Posted by: Jesurgislac at February 29, 2004 11:46 PM | PERMALINK

I don't understand how increasing the Army is a
"concrete differentiator" between Kerry and Bush.

Remsfeld is increasing the Army by about 30,000. Kerry says 40,000. Not much difference there.

See this Jane's Defense piece about it.
http://www.janes.com/defence/land_forces/news/jdw/jdw040202_1_n.shtml

Posted by: The North Coast Curmudgeon at March 1, 2004 01:16 AM | PERMALINK

Rumsfeld, I'm pretty sure, is not happy about the additional 30,000 troops. I think he finally had to cave to pressure from within the military ranks. Troop force expansion goes against his entire idealogical doctrine of fewer/lighter/faster/etc.

Plus, those 30,000 come at a BIG monetary cost. I don't recall the figures, but I remember the head Army guy testifying about it a month ago...it wasn't pretty.

Posted by: Peter at March 1, 2004 01:32 AM | PERMALINK

Hey, all you who keep demanding I post links to information....where is YOUR link to Kerrys BILL IN THE SENATE....surely he has proposed one RIGHT???

Where is the 40,000 troop bill, so we can get moving on this.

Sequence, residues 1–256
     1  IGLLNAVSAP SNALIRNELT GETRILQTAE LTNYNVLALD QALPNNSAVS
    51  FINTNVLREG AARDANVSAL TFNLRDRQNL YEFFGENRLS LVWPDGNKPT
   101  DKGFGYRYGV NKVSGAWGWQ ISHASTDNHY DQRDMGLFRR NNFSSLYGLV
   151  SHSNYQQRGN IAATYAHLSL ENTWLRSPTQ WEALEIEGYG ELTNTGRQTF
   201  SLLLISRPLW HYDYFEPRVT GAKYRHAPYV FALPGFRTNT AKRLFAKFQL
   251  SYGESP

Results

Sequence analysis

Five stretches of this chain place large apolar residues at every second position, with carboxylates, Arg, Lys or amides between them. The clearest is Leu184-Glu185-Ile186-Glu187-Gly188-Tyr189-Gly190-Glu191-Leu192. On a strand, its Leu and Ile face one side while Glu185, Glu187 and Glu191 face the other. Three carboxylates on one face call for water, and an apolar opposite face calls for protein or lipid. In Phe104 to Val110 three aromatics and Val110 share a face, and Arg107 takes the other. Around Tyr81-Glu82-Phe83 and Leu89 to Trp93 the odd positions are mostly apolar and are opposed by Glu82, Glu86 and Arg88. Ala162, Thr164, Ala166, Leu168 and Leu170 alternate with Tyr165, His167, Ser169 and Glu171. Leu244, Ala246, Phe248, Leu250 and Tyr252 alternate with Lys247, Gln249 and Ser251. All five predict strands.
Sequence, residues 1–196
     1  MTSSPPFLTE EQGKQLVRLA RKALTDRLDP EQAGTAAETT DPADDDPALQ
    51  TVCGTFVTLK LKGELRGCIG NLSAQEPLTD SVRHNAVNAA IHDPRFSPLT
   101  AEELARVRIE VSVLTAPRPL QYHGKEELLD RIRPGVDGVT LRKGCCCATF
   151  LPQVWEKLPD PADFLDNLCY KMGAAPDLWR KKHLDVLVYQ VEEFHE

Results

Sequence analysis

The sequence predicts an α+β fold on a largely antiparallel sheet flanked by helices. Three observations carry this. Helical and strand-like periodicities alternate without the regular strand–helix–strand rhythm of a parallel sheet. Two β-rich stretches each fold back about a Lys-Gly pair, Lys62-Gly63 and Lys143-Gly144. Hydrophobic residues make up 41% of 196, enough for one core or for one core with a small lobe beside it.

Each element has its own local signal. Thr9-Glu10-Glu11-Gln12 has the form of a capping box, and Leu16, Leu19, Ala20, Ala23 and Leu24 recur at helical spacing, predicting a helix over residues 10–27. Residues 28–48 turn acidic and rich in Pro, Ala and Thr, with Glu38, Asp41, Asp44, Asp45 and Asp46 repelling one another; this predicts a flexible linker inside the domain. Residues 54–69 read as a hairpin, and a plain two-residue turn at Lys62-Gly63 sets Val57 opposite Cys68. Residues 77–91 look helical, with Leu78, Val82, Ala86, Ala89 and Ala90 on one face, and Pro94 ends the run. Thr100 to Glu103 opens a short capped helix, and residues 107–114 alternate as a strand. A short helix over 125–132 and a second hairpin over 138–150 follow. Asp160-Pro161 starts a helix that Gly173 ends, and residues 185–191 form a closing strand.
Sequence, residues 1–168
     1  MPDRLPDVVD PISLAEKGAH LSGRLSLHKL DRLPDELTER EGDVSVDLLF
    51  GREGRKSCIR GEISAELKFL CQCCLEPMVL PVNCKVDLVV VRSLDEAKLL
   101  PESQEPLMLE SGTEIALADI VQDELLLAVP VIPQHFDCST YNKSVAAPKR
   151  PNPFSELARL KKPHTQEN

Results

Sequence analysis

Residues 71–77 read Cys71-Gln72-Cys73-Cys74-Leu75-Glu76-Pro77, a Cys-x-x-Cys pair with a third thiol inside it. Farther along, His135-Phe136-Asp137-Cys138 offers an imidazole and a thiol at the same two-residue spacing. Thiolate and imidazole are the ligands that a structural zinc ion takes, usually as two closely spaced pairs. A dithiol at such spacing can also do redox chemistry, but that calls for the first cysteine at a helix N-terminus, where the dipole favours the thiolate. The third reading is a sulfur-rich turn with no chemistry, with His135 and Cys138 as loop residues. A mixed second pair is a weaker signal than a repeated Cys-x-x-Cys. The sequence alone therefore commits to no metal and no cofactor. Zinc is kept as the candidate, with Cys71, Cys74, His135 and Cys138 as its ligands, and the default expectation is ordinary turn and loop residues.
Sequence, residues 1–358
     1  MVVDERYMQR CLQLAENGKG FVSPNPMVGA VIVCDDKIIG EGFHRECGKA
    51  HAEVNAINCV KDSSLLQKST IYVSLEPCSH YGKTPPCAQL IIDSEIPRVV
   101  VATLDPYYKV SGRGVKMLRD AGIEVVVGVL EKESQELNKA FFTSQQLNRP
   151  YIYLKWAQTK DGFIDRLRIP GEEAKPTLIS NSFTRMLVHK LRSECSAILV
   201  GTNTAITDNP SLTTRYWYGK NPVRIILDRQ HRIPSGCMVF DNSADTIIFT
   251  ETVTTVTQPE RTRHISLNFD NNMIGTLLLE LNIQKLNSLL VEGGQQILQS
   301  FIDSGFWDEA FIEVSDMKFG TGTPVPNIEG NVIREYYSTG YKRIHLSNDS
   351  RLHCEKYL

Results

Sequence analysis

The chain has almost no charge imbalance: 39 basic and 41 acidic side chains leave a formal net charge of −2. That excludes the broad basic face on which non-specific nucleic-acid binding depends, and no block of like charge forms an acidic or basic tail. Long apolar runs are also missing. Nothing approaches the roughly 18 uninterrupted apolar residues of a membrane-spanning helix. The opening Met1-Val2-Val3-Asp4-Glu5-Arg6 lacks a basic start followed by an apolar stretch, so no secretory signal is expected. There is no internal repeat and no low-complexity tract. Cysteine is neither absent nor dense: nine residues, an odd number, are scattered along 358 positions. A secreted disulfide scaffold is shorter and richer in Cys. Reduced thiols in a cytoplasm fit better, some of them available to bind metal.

Little hint..if you can't find one, you know Kerry is LYING.

Posted by: keiser at March 1, 2004 01:40 AM | PERMALINK

This time even the women HATE John Kerry:

http://www.opinionjournal.com/extra/?id=110004738

I think this puts to rest the ridiculous argument that kerry REALLY cares about the veterans and the troops.

Liberal critics of American foreign policy have claimed they "support the troops"--but they're obviously hoping we have short memories. Many of us will never forget the hundreds of lawyers they dispatched to Florida in 2000 to make sure military absentee ballots did not get counted (some sources say that two out of three military voices in Florida were never heard). That was after the Clinton administration initiated rules making it more difficult to vote on overseas military bases.